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- Phase I study of everolimus and mitomycin C for patients with metastatic esophagogastric adenocarcinoma (2013)
- This study aimed at determining the recommended dose of the mammalian target of rapamycin inhibitor everolimus in combination with mitomycin C (MMC) in patients with previously treated metastatic esophagogastric cancer. In this phase I trial, patients received escalated doses of oral everolimus (5, 7.5, and 10 mg/day) in combination with intravenous MMC 5 mg/m2 every 3 weeks. Endpoints were the dose-limiting toxicity (DLT), safety, and response rates. Tumor tissues were tested for HER2-status and mutations in the PTEN, PIK3CA, AKT1, CTNNB1, and E-cadherin type 1 genes. Sixteen patients (12 male, four female) with gastric/gastroesophageal junction cancer were included. All patients were previously treated with a platinum-based chemotherapy. Treatment cohorts were: 5 mg/day, three patients; 7.5 mg/day, three patients; and 10 mg/day, 10 patients. No DLTs occurred during dose escalation. Most frequent grade 3 toxicities were leukopenia (18.8%) and neutropenia (18.8%). All other grade 3 toxicities were below 10%. No grade 4 toxicities occurred. Three (18.8%) patients experienced partial responses and four patients had stable disease (SD). Antitumor activity according to Response Evaluation Criteria In Solid Tumors (RECIST)-criteria was highest in the 10 mg/day cohort. No associations between HER2-status or detected mutations and response were observed. The recommended dose of everolimus combined with MMC is 10 mg/day. Encouraging signs of antitumor activity were seen (http://www.ClinicalTrials.gov; Clinical trial registration number: NCT01042782).
- Optimization and antiviral analysis of peptide ligands for the HIV-1 packaging signal PSI (2006)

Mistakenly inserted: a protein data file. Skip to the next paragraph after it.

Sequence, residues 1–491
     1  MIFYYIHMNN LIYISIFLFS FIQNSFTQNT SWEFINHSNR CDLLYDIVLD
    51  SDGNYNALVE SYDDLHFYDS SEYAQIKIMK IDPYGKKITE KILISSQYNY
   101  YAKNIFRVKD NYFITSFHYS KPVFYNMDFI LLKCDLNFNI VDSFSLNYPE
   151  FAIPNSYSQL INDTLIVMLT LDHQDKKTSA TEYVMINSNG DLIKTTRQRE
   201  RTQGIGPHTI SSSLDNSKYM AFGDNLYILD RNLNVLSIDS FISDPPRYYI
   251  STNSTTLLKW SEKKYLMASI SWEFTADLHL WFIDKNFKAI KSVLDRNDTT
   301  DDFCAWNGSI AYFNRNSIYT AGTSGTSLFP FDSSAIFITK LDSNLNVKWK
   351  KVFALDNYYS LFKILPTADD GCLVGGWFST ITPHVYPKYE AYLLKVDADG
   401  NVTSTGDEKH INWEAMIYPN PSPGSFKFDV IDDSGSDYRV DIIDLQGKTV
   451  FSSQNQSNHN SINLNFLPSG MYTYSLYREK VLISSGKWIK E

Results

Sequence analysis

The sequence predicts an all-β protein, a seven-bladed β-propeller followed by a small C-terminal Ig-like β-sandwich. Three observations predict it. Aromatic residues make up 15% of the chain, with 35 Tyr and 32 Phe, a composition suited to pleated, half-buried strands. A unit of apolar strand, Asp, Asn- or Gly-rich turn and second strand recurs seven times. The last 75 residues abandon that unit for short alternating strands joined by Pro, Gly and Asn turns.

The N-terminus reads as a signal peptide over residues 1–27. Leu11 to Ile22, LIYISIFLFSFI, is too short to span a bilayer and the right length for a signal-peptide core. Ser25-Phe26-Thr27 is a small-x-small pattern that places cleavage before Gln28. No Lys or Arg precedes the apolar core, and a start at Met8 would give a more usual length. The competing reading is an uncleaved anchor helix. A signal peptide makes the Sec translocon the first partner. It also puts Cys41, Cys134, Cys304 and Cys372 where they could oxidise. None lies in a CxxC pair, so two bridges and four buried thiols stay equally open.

- Oral presentations Background: We selected peptide ligands for the HIV-1 packaging signal PSI by screening phage displayed peptide libraries. Peptide ligands were optimized by screening spot synthesis peptide membranes. The aim of this study is the functional characterization of these peptide ligands with respect to inhibition of HIV-1 replication. Methods: Phage displayed peptide libraries were screened with PSI-RNA structures. The Trp-rich peptide motifs were optimized for specific binding on spot synthesis peptide membranes. The best binding peptide was expressed intracellularly in fusion with RFP or linked to a protein transduction domain (PTD) for intracellular delivery. The effects on virion production were analyzed using pseudotyped lentiviral particles. Results: After positive and negative selection rounds, phages binding specifically to PSI-RNA were identified by ELISA. Peptide inserts contained conserved motifs of aromatic amino acids known to be implicated in binding of PSI-RNA by the natural Gag ligand. The filter assay identified HKWPWW as the best binding ligand for PSI-RNA, which is delivered into several cell lines by addition of a PTD. Compared to a control peptide, the HKWPWW peptide inhibited HIV-1 replication as deduced from reduced titers of culture supernatants. As HKWPWW also binds to the TAR-RNA like the natural nucleocapsid PSI-RNA ligand, the effect on Tat-TAR inhibition will also be analyzed. Currently T-cell lines are established which stably express HKWPWW as well as a control peptide, which will be infected with HIV-1 to monitor the ability of HKWPWW to inhibit wild type HIV-1 replication. Conclusion: The selection of a peptide ligand for PSI-RNA able to inhibit HIV-1 replication proves the suitability of the phage display technology for the selection of peptides binding to RNA-structures. This enables the indentification of peptides serving as leads to interfere with additional targets in the HIV-1 replication cycle.